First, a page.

Ari Fleischer on Bloomberg taking the debate stage as Dems’ attack his wealth: 'Let the Democratic voters decide'

Former White House Press Secretary Ari Fleischer said on “The Daily Briefing with Dana Perino” on Wednesday that “all eyes” would have been on democratic socialist Sen. Bernie Sanders during Wednesday night’s debate in Las Vegas if former three-term New York City Mayor Michael Bloomberg did not qualify.

Bloomberg qualified for the Nevada Democratic presidential primary debate at the last minute, notching 19 percent support in a Marist, Newshour and NPR/PBS poll, the fourth national poll to put him above the 10 percent mark since Jan. 15. That means the billionaire, who has spent more than $400 million of his fortune on advertising for his presidential campaign, meets the polling threshold set by the Democratic National Committee for the debate.

Bloomberg’s campaign confirmed he will be on the debate stage, for the first time since entering the presidential race in November.

Bloomberg is skipping the first four primary and caucus states – Iowa, New Hampshire, Nevada and South Carolina – to focus on saturating voters with ads and campaigning in the 14 states that will vote on Super Tuesday while other candidates are grinding it out in the early contests. This strategy has allowed him to pass other candidates in national polls despite their strong showings in Iowa and New Hampshire.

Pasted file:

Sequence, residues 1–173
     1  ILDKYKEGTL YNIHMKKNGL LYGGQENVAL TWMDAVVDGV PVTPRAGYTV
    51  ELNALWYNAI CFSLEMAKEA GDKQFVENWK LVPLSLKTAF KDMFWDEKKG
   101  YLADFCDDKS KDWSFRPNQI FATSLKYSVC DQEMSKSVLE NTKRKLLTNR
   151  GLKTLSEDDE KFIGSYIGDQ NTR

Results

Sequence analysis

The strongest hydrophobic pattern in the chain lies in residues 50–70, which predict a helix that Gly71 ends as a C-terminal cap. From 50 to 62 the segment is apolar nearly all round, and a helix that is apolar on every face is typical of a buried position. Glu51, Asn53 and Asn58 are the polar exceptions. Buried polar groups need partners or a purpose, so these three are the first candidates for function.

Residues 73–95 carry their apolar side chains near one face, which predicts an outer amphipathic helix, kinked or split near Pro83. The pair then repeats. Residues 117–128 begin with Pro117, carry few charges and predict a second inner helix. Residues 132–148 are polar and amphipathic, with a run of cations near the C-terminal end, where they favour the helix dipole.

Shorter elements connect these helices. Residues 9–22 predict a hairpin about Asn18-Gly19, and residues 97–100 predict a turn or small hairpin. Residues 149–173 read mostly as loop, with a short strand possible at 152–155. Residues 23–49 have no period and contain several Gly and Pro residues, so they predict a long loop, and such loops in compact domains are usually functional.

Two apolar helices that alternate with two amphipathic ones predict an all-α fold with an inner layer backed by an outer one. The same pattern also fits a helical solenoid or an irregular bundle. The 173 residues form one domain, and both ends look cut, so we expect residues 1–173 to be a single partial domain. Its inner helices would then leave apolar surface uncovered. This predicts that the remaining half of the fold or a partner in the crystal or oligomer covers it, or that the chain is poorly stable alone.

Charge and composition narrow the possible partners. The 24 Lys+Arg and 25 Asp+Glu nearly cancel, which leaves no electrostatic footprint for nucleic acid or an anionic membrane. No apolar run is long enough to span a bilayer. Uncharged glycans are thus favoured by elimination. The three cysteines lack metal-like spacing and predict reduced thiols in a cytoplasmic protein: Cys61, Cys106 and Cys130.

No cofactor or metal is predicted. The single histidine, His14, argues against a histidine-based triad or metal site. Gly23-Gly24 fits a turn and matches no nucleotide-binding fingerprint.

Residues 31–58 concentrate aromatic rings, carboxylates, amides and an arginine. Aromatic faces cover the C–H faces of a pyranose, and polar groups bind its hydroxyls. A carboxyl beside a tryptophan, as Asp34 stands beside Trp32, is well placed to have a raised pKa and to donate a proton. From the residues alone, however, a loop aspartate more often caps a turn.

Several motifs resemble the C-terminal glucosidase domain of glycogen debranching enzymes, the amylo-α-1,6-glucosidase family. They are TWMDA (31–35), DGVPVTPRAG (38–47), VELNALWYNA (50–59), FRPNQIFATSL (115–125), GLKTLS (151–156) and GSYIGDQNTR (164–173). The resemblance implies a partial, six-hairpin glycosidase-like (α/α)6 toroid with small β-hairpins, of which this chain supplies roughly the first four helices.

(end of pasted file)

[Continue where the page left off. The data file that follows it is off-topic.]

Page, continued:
BLOOMBERG QUALIFIES FOR LAS VEGAS DEBATE WITH LAST-MINUTE POLL

Fleischer told Perino, “He’s [Bloomberg’s] the new kid in school, isn’t he? He’s the kid who showed up a month after classes began and now everyone wants to pay attention to who’s this new kid? What’s he got?”

“The problem is there was another kid who was the big kid on the block. His name is Bernie and normally, with Bernie legitimately surging in the polls, all eyes would have been on Bernie tonight,” he continued.

Previously, one of the criteria for candidates to get on the debate stage was their number of donors, but the DNC in late January changed those rules for the Nevada debate, opening the door for Bloomberg. That decision drew criticism from his Democratic competitors, who have previously characterized Bloomberg as trying to "buy" the presidency.

“I think everybody in the Democratic Party is getting what they want. Mike Bloomberg is getting in [the race] because he worried [former Vice President Joe] Biden would collapse and somebody had to be the alternative to Bernie. That’s the Bloomberg vision,” Fleischer said.

“Bernie’s getting what he wants because now he gets to make his campaign a principal campaign against billionaires.”

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“That’s the way primaries should work,” he continued. “Let them air it and let the Democratic voters decide.”

Fox News’ Tyler Olson and Kelly Phares contributed to this report.